With that in mind, I want to start with a disclaimer: this kind of info only gets you so far. I'm not setting out to write the inerrant Bible of paleoart in these types of posts. Yes, all the evidence we have of dromaeosaurs shows full, lush feathering equivalent to small modern birds. But then again, we're dealing with small prehistoric birds here. Yes, we can interpret feather coloration and use inferences from modern birds and biochemistry to say what colors are likely and which are unlikely; but we can't always identify structural color in fossils, and we have yet to identify carotenoids, and many small dinosaurs we think of as "carnivorous" might well have trended more toward omnivory, insectivory, etc., or other unforeseeable pathways to those tasty, tasty bright yellow pigments.
Ok, preamble out of the way, the point of this post is to provide a general way I've used, and others can use, to try to make somewhat educated guesses about coloration in prehistoric birds which have not yet been analyzed for color pattern.
A few people pointed out to me when this recent paper by Wogelius et al. came out, in which the research team was able to identify color patterns in some Mesozoic birds using chemical markers rather than direct observation of melanosomes, that their reconstruction of Confuciusornis based on these findings was pretty similar to the restoration I'd done a while earlier.
Above: Restoration of Confuciusornis by Richard Hartley, from the press release. Below: My own earlier restoration of C. sanctus.
The two are pretty similar in the broad pattern: dark head, body, and coverts, white or light-colored wings with more black on the secondaries than the primaries. Now, so far this is only one data point, so I don't want to draw too many conclusions. But I was not simply guessing when I restored C. sanctus that way back in 2009.
The trick is to understand what you're looking at when you see a fossil feather. These are often referred to as 'impressions', but often the impressions are only part of the story, or even completely absent from the fossil. The breakthrough that led Vinther , Prum and others to figure out how to suss out feather color, was in realizing what fossil feathers are made of.
As Prum summarized on the Skeptics Guide to the Universe podcast a few years back, traditional wisdom held that the dark, 'carbonized' looking fossil feathers were the result of bacteria. Now, some old-school feather impressions, like those from Solnhoffen and the Santana formation, do contain nice, deep, actual impressions. These look very different from the stuff you find in the Jehol (compare the fossil feathers of the Berlin Archaeopteryx with the holotype of Microraptor gui). But most fossil feather,s including the famous single-feather holotype of Archaeopteryx and most Jehol stuff, are dark stains in the rock. Under the microscope, these looked to early researchers to be made up of fossil bacteria which had eaten away the feather keratin during decomposition.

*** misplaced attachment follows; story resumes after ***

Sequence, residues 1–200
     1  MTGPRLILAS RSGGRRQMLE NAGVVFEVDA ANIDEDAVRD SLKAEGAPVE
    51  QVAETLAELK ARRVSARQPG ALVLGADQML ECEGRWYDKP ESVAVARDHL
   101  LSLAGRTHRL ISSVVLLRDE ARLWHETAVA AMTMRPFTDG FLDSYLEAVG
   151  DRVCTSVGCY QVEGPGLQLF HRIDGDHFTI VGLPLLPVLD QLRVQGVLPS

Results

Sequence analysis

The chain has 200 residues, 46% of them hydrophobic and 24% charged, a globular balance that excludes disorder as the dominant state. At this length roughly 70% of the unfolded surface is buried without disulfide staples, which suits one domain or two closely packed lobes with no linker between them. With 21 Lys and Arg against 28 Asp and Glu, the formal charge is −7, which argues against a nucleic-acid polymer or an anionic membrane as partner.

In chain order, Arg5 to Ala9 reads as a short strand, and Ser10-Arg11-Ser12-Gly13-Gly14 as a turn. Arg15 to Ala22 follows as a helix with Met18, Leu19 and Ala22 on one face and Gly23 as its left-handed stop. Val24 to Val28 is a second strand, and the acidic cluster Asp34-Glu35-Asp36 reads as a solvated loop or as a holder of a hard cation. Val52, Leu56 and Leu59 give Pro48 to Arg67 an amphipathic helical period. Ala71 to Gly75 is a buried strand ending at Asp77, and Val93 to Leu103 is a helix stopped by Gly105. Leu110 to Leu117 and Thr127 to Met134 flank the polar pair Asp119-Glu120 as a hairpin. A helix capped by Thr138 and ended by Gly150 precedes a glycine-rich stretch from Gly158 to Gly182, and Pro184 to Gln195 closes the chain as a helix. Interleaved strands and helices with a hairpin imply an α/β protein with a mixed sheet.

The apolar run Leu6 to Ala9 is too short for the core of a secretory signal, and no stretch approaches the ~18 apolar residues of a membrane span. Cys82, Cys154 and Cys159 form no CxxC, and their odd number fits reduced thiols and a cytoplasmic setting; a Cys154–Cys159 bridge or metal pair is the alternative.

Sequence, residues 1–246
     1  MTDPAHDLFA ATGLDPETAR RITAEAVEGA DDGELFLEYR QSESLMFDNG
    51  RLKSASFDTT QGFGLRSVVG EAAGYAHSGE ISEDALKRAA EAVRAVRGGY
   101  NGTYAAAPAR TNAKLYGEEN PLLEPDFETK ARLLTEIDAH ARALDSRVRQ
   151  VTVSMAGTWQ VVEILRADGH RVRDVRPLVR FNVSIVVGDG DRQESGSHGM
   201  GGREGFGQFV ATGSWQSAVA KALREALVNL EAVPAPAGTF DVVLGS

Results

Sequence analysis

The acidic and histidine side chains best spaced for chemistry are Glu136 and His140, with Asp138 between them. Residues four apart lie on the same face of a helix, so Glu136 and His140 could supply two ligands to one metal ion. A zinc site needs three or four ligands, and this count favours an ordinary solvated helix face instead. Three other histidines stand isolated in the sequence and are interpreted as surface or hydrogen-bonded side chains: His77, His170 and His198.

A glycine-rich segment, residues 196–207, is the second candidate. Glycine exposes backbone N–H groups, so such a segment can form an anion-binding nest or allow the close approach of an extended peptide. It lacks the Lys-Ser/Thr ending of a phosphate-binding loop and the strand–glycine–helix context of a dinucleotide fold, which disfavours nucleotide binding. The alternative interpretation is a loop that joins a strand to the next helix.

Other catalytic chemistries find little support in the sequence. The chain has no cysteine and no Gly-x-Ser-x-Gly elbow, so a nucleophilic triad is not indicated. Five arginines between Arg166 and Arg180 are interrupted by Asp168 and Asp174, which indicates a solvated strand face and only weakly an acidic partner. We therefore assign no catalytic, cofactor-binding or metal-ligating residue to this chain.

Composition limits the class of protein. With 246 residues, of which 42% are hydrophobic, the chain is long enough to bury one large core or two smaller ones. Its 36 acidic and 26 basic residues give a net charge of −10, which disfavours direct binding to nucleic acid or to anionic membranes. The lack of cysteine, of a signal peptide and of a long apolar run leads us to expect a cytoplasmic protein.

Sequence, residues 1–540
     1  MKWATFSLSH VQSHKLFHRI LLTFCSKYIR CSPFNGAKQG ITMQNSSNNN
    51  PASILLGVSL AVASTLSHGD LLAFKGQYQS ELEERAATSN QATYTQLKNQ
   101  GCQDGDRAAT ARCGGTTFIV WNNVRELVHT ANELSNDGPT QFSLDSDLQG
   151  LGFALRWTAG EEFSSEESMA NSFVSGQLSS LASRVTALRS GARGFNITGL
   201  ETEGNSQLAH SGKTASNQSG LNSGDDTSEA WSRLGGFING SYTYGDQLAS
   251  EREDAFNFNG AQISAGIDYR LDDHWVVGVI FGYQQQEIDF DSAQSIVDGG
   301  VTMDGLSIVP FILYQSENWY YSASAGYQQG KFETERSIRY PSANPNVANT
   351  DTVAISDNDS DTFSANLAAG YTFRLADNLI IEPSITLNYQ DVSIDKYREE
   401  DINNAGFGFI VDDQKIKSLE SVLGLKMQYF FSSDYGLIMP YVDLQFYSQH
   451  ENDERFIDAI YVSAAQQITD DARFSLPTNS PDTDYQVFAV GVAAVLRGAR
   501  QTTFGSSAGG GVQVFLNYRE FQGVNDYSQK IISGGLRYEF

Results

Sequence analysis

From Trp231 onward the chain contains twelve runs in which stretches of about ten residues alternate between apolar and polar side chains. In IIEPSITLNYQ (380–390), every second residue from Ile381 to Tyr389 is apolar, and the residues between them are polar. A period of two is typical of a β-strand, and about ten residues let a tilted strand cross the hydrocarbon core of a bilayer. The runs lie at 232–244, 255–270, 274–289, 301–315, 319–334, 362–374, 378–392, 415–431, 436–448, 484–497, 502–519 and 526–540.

Above: Photograph of an unsubscribed Anchiornis specimen by Robert Clark, from National Geographic, showing clear color patterns matching those predicted by Vinther et. al.
What Prum, Vinther, etc. showed in recent years is that this is flat-out wrong. Those granules are not bacteria--they're melanin! When you look at a fossil feather, most of the time, you're looking directly at the color pattern of the feather itself, the keratin and everything else having long since disappeared. This is especially apparent in very well-preserved fossils; for example, the beautifully preserved new Anchiornis specimen above is essentially proof of Vinther's hypothesis, which had previously been based on more obscured differences in shade. This is where my method of eyeballing it falls flat--I'd never have gotten the correct pattern from the specimen Vinther was looking at without really close physical examination. You need really nice specimens for it to conceivably work, or you have to Dave-Peters the heck out of low-res images trying to spot differences in contrast on the feathers.
Luckily, Confuciusornis was a safe bet, because so many specimens are known, and you can start to see patterns emerge. Many of the best specimens tend to have a very dark halo of feathers around the body and arms, with the wing feathers very faint, even sometimes difficult to see at all. Knowing that dark feathers means dense melanin = dark coloration, and light color = lack of melanin = light color, it was easy to come up with a good guesstimate of the life coloration. This was first inspired by Longrich's work on Sinosauropteryx, showing that the apparent bands in the tail were due to color patterning, which was later supported by published studies.
Obviously this is not a foolproof method. But it's a good place to start for artists who may want to add a little evidence-based thinking to their reconstructions, even if the evidence itself is wide open to interpretation. At the very least, if a good specimen has obvious areas of light and dark, I'd personally restore that pattern in a life illustration. It may end up being wrong, but it's better than pure speculation.